Is it possible to criticize someone in a way that also builds them up?
This question is hotly debated among CEOs, coaches, and—yep—couples that come to my office for therapy.
While prolific in so many people's lives, criticism is also one of the most toxic behaviors that can rapidly break down intimacy and build up walls. So I'll go on record here to say that criticism is generally a bad strategy, and even more so in committed relationships. Even if you believe that you’re offering “truth” or that you’re trying to correct a behavior or attitude, your partner cannot hear it (much less act on it) if it is perceived as an attack, or if it's addressed as a swooping generalization.
But this does not mean that you suddenly can't address issues in the relationship that bother you. Far from it! Instead, it just means that you need to do it in a way that can be heard—which will facilitate actual action and change.
So when you're deciding what to say when your partner irks, yet again, here are some things to keep in mind—and some ideas on what to do instead:
01. Criticism is different than a complaint.
Criticism is often expressed in a way that suggests a character flaw. It focuses on who a person is rather than what a person has done. A complaint, however, is different. It focuses on the action—and when it comes to relationships—a well-placed complaint is okay, and sometimes very necessary in a relationship. Here's the difference:
It’s OK to be disappointed when your partner forgets to vacuum before the party. However, it’s not OK to assume that they’re lazy and unreliable. In other words, when you complain, it’s important to do so without blame, otherwise, it becomes criticism. Stick to the facts, not characterizations.
Dr. Gottman advises couples to stick to a very simple formula: When _______ (event that happened), I felt _______ ( actual feeling word) and I need _______ (response). So, for example, “When the living room wasn’t vacuumed, I felt disappointed and stressed, and I need to know that I can count on you.” All of those are facts which allow your partner to respond non-defensively. That’s impossible when you say, “Ugh. Why didn’t you vacuum the floor. You know how important it is to me to have a clean house. Why can’t I ever count on you?”
02. Demand is different than desire.
The goal of any committed relationship is to keep it going and to make it deeper. But when we place demands on our partner, we create a power dynamic that is rarely helpful and usually backfires. So when you ask for what you need, it's imperative that you make your requests without demanding them—which either inspires them to reject your request to make a point, or causes some serious resentment as they begrudgingly do what you tell them.
Instead, when we ask for what we need, we give our partner an opportunity—rather than a mandate—to respond.
So what does this look like?
Asking with desire is a skill, and also a tactic. When you ask for what you need, you’re actually strategically educating your partner. You’re giving him the answers to the test. You’re essentially saying, “If my needs are met, I’ll feel less stress and disappointment—and will be a better person to be around—so here’s the answer key.” In this scenario, the ask creates a win-win for both partners. When both partners get smarter, both benefit from a continually deepening relationship.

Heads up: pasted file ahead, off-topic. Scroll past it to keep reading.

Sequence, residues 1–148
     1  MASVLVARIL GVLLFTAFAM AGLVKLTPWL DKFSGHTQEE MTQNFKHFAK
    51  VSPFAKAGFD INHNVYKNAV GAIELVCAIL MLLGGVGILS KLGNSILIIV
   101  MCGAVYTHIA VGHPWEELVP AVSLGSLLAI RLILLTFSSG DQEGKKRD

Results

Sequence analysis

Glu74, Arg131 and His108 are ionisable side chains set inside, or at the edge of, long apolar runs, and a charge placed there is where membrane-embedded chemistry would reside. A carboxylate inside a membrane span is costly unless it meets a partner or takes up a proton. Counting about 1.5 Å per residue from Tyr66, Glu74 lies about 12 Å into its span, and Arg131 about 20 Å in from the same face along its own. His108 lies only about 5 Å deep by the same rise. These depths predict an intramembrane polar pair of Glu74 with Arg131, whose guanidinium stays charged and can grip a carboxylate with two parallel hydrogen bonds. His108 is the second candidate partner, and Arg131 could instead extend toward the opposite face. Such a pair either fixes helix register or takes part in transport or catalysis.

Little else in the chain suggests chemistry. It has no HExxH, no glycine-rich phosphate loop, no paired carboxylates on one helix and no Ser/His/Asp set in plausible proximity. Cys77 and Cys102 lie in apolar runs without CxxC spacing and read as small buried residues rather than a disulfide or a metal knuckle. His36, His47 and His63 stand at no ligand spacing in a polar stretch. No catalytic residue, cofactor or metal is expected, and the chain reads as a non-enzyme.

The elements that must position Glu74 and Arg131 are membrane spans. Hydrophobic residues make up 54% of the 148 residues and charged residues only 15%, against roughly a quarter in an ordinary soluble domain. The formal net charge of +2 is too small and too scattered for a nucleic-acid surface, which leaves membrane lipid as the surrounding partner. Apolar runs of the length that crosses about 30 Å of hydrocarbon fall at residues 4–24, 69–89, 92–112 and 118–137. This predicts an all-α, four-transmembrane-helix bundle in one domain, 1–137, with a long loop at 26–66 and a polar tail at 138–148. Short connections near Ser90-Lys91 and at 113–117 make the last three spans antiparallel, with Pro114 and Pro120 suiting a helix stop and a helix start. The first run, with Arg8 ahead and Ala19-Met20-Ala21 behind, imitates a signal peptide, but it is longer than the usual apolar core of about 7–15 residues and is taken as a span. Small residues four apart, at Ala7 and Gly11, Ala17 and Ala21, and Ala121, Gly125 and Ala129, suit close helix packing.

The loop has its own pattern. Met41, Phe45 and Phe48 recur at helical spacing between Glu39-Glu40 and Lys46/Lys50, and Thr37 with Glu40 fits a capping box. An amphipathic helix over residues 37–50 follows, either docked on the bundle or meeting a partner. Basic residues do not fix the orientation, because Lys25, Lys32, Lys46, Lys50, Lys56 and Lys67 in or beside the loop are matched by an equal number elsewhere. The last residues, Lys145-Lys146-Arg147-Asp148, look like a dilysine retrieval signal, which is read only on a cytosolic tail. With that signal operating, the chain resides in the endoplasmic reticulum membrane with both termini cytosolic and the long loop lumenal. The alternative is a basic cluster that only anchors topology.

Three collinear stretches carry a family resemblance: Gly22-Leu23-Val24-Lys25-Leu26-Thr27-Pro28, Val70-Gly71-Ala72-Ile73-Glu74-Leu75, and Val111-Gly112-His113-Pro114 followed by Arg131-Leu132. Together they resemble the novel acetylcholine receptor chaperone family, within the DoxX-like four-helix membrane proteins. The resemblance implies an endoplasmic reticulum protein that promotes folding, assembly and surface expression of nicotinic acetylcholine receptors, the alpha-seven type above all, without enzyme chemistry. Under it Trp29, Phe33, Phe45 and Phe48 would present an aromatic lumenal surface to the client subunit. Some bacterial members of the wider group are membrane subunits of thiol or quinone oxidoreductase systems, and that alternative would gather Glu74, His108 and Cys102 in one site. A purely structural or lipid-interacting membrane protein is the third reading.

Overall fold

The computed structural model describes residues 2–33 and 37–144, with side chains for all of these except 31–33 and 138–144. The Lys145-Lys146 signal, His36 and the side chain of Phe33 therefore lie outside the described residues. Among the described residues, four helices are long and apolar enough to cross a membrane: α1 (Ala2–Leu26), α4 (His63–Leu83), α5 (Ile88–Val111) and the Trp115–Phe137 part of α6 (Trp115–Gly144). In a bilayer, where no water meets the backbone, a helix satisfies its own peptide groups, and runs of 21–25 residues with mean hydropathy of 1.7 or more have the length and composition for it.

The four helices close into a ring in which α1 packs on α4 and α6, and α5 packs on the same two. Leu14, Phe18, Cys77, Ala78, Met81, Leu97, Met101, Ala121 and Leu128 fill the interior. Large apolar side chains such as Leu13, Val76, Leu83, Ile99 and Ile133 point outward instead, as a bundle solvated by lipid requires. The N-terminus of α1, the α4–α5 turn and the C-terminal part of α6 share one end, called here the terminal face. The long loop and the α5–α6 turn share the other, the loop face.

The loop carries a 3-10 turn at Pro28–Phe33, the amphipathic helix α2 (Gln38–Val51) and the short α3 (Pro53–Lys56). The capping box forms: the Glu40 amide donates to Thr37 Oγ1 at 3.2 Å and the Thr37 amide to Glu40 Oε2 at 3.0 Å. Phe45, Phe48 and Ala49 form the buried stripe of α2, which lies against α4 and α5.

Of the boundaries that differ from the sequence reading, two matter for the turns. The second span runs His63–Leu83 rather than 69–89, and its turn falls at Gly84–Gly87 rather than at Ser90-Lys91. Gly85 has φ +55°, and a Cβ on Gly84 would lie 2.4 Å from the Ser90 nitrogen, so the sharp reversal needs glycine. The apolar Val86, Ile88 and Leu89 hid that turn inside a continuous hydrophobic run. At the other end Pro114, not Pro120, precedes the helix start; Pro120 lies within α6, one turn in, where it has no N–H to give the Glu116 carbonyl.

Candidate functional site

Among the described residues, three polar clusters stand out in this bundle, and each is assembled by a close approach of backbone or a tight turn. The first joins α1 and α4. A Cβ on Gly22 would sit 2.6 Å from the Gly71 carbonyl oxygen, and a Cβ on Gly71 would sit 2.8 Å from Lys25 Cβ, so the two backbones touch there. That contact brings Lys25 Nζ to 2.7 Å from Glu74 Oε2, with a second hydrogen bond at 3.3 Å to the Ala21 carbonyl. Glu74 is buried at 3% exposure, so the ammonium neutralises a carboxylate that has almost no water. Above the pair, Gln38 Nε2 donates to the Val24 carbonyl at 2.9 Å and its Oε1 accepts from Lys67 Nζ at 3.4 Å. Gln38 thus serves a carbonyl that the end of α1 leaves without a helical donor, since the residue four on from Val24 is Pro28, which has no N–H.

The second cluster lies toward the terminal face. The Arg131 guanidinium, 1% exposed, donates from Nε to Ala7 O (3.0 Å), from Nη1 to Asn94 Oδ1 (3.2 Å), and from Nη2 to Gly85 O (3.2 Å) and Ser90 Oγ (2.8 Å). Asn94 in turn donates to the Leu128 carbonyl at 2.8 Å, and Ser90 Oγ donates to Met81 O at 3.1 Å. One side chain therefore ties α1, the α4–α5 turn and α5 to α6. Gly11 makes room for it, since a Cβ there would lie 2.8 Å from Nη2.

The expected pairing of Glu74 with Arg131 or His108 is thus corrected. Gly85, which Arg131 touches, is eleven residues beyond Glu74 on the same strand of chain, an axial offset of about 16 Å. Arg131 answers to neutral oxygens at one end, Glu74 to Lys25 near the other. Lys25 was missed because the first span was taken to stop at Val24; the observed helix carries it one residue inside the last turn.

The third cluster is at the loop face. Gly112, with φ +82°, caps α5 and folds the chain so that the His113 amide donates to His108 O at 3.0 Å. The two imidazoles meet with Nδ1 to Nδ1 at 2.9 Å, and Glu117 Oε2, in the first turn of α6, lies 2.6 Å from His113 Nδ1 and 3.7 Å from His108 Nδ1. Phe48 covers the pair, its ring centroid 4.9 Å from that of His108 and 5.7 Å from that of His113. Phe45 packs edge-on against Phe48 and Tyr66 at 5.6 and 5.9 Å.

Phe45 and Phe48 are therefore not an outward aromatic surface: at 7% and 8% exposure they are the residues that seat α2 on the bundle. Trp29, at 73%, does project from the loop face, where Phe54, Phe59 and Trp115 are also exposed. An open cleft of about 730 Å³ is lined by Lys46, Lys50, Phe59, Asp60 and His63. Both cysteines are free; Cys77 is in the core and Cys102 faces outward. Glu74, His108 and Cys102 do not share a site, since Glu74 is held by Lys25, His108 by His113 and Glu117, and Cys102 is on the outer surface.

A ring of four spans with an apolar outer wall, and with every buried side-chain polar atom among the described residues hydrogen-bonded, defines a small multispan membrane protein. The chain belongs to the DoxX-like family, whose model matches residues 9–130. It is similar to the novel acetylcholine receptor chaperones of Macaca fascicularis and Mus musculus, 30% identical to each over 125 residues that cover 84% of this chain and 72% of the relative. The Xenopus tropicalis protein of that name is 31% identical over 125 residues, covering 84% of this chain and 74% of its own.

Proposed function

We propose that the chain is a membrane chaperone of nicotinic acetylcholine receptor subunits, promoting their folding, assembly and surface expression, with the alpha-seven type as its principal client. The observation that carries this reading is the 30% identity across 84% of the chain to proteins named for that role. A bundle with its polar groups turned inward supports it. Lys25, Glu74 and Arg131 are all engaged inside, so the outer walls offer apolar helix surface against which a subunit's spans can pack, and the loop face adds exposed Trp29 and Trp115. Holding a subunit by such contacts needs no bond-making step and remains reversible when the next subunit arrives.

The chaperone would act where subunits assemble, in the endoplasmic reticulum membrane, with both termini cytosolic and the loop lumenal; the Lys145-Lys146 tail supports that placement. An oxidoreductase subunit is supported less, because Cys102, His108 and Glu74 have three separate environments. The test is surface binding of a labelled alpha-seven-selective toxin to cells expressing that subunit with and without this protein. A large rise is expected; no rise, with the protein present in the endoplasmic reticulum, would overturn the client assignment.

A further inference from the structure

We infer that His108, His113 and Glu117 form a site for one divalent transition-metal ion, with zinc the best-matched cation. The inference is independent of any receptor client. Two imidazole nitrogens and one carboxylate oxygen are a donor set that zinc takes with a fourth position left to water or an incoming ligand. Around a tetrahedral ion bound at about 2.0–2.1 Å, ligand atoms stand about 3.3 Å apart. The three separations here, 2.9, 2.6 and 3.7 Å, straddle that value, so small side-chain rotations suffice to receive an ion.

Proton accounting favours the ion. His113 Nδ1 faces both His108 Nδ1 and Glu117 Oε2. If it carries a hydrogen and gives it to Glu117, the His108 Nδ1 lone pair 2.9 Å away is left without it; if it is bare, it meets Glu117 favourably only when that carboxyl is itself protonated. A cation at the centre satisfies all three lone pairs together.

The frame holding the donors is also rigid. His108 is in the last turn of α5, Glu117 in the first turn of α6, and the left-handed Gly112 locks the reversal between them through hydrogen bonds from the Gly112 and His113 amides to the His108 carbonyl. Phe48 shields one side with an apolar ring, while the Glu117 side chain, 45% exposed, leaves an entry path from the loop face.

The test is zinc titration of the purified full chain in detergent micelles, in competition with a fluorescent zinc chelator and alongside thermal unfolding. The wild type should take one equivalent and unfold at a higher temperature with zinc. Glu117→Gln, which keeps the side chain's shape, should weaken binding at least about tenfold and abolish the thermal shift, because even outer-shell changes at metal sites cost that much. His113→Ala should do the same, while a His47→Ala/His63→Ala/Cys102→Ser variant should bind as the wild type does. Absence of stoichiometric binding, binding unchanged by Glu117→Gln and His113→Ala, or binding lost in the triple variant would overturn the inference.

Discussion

03."Truth" isn’t necessarily true.
"But what if I'm just telling the truth?" people commonly ask me when defending their reasoning to criticize. It's a good point—but here's why criticism, even though "true", doesn't work. You see, it's actually not telling the truth—or at least the whole truth. Often including general words like, “always” or “never," criticism rarely looks at the whole picture.
In fact, the second you use generalizing words like that, you lose the upper hand, as your partner immediately starts focusing the exceptions—even if your perception is absolutely valid. Because criticism creates no room for dialogue or compromise, you're immediately setting your partner up to get into a defensive mode, which is the opposite of what you want to do. When you rely on the myth of absolute perceivable truth, you eliminate the possibility of a mutually edifying relationship moment. In other words, you are immediately setting up an argument, not a course for productive action.
Mathematically, it’s simply impossible that your partner never or always does anything. When you say, “You never vacuum the floor," your complaint immediately becomes a criticism—because she will remember that one time she vacuumed two years ago. At that point, the dance of criticism vs. defensiveness will take over and the floor still has pine needles all over it, and no one is happy.
Ultimately, I don’t believe that constructive criticism exists—at least not in a healthy couple’s relationship—as criticism immediately puts people on the defensive, killing intimacy. So the next time that you're frustrated with your partner—remember to point out only the action they're doing wrong—and phrase what you'd like them to do instead in an inspiring way that's not a mandate. Remember that when it comes to these kinds of relationship woes, the truth isn't always so black-and-white; and even if it was, criticizing your partner will never actually inspire the kind of change you'd want to see.